You bought a laptop for business or school, and it runs Excel spreadsheets fine. You’re able to waste about 50% of your productive time screwing around on Facebook, but what you really want to do is pawn some noobs on Battlefield 3 or Starcraft 2; that’s pro time-wasting. But you look over your system specs and you see these dreaded words: “Intel Integrated Graphics”. It’s time to invest in an external video card for laptop gaming.
Most laptops can’t be upgraded except for their HDDs and RAM, but this neat work-around allows you to extend the gaming life of your laptop by adding an external video card. The process is simple, and I’ll describe it below; it’s similar to adding an external hard drive. Keep in mind that this solution will cost around $300 and you may be better off building a desktop gaming PC under $500 with our clutch guide. But for those of you who want to stay mobile, here is all you need to set up an external video card for laptop gaming:
Express Card-PCIe Converter
Table of Contents
First you need to locate your ExpressCard slot, which on my Toshiba Satellite is right above the CD drive. Next you need something to convert the video card’s signals to something your ExpressCard can understand. For this we recommend a PE4L-EC2C ver 1.5 (PCIe passive adapter to ExpressCard).
Graphics card of your choice
We like the Sapphire Radeon HD 5770 1 GB DDR5 2DVI/HDMI/DisplayPort PCI-Express Video Card 100283-3L because its powerful processor will deliver mind-blowing graphics, even if you’re using an old laptop with a 13” screen. It also doesn’t use a lot of power to back up its graphics, which as we’ll see is important for an external video card for laptop gaming. Keep in mind some video cards can experience a performance bottleneck because of your CPU and the speed of your PCIe connection, so make sure whatever PCIe adapter you get is the fastest available.
You can’t just let your graphics card run without something protecting it. Something like a ViDock is ideal as it comes with PCIe ports and has a lot of ventilation, but they’re not cheap: the least expensive one on their site is $200. Every ViDock comes with a different wattage power supply; the ViDock 4’s power supply maxes out at 320 watts so something really powerful like the Gigabyte AMD Radeon HD 7870 2 GB GDDR5 DVI-I/HDMI/2x Mini-Displayport PCI-Express 3.0 Graphic Card GV-R787OC-2GD, which requires 500 watts of power, would not run; check the wattage requirement on your video card before you make a big purchase!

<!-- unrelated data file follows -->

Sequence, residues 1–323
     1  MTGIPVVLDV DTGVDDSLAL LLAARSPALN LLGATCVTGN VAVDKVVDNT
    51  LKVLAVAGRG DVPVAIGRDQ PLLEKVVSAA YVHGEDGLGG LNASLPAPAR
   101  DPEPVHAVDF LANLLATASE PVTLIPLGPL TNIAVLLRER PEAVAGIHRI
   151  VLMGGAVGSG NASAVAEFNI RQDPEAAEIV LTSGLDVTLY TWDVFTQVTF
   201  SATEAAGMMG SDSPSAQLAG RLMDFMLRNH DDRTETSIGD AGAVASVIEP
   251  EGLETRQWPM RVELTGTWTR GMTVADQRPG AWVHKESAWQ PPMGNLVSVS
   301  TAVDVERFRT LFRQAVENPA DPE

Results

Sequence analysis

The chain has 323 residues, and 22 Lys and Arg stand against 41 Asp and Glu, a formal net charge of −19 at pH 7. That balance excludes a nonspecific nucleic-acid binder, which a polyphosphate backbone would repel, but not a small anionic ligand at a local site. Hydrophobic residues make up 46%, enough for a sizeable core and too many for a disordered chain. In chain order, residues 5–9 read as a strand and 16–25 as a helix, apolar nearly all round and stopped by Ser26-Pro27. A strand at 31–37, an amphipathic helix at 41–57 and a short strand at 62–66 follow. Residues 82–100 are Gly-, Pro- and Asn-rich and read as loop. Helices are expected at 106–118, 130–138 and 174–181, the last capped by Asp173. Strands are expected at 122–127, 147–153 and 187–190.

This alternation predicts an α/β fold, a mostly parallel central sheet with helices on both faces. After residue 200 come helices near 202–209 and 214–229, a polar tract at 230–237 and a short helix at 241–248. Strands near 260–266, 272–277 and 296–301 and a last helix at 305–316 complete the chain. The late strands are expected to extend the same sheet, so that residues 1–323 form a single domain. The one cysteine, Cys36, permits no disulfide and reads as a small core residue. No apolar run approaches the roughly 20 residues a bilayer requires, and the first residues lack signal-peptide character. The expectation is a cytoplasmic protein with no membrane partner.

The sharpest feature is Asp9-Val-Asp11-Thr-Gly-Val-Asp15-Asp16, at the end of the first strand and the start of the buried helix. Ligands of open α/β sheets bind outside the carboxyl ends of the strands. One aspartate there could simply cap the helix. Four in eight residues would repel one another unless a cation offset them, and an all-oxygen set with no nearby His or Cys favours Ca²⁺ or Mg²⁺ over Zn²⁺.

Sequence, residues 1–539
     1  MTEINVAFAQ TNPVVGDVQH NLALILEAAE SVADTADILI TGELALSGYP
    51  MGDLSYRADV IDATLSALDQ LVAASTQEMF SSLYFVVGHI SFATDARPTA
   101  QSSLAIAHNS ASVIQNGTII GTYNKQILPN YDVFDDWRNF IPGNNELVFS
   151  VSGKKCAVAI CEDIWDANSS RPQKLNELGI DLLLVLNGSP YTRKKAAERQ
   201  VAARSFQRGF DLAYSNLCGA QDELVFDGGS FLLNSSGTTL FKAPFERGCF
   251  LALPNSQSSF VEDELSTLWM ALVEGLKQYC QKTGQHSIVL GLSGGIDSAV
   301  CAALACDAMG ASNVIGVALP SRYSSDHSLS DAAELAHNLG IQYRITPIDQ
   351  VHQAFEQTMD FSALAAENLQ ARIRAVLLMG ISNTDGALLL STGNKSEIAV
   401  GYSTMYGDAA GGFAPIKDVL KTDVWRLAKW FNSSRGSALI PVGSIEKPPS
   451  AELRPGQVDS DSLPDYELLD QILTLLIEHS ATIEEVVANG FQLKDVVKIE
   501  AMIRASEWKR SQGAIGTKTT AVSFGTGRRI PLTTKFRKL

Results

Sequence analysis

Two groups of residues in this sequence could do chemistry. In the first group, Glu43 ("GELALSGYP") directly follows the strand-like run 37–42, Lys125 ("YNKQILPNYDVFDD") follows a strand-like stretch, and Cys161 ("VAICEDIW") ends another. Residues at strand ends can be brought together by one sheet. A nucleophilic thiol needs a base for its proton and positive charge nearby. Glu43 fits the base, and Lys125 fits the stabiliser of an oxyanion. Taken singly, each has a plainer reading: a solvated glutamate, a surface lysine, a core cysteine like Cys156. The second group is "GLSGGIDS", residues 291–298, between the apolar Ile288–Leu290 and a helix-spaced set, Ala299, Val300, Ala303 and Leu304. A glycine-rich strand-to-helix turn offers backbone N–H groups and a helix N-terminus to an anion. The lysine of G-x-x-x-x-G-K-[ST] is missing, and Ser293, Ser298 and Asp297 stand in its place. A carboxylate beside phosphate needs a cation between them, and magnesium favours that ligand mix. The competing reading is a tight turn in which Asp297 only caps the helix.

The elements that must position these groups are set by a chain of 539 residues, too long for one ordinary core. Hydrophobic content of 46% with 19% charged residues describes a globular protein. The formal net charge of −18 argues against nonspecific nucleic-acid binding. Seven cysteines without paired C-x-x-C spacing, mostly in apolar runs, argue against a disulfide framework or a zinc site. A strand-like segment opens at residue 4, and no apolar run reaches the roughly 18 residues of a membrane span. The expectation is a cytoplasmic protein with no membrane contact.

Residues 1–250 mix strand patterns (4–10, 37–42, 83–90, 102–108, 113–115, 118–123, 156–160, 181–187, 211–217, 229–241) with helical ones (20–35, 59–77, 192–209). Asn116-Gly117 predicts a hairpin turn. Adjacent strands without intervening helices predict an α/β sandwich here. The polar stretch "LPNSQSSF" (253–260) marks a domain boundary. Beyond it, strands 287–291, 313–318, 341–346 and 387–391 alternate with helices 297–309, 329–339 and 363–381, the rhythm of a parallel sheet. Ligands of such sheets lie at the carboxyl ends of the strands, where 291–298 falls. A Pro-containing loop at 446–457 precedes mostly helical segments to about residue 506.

First, place the graphics card into the ViDock and plug it in. Plug the PCIe converter into the PCIe port on the ViDock. Finally, plug the PCIe converter into your ExpressCard slot. Congratulations: you have amazing graphics even on your rusty old MacBook or ThinkPad!
But now for the cons: depending on your laptop’s LCD, you may need to buy an external monitor for the video card: the Asus VS247H-P 24-Inch Full-HD LED-Lit Monitor is a good choice here, offering a 24-inch HD screen for an attractive price. Even if you don’t have to buy an additional monitor, an external graphics card for laptop gaming is a very expensive proposition. A decent graphics card will cost you around $100, the PCIe converter will run you about $77, and the ViDock starts at $199 and goes up to $279.
That’s around $400 for a serious setup, and additionally you will not be able to use a very powerful graphics card because most modern cards require 500 or more watts of power to be able to run normally.
Building a DIY dock for your external video card for laptop gaming
However, there is hope: if you are very technical you can create your own dock to use with your external graphics card for laptop gaming, which will require a lot of techie knowledge but which will definitely cost less than a ViDock. You can find a good DIY guide here, if you have the skills and a spare afternoon to spend. With this option you will of course have to buy an external power supply, but the positive thing here is that the sky’s the limit. Here’s a good, average one that could power up the Radeon 7870: Cooler Master eXtreme Power Plus 500w Power Supply (RS500-PCARD3-US). If you are building your own case, you could even theoretically invest in a 1000 Watt 1000W 140mm Fan ATX Power Supply 12V 2.3 EPS12V 2.92 Quad SLI-ready PCI-Express SATA 20/24 PIN Intel AMD by KENTEK and run two 500-watt graphics cards for maximum power: but that’s definitely not for beginners!
With this cyberpunk-chic setup, you will be the envy of all your gaming friends. But all in all, unless you are very attached to your machine and thirsty for a time-consuming tech project, you should just buy or build a gaming desktop – as I have said, they’ll run you as little as $500 for a completely new system. But if you insist on setting up an external graphics card for laptop gaming, the products listed on this guide are a good option.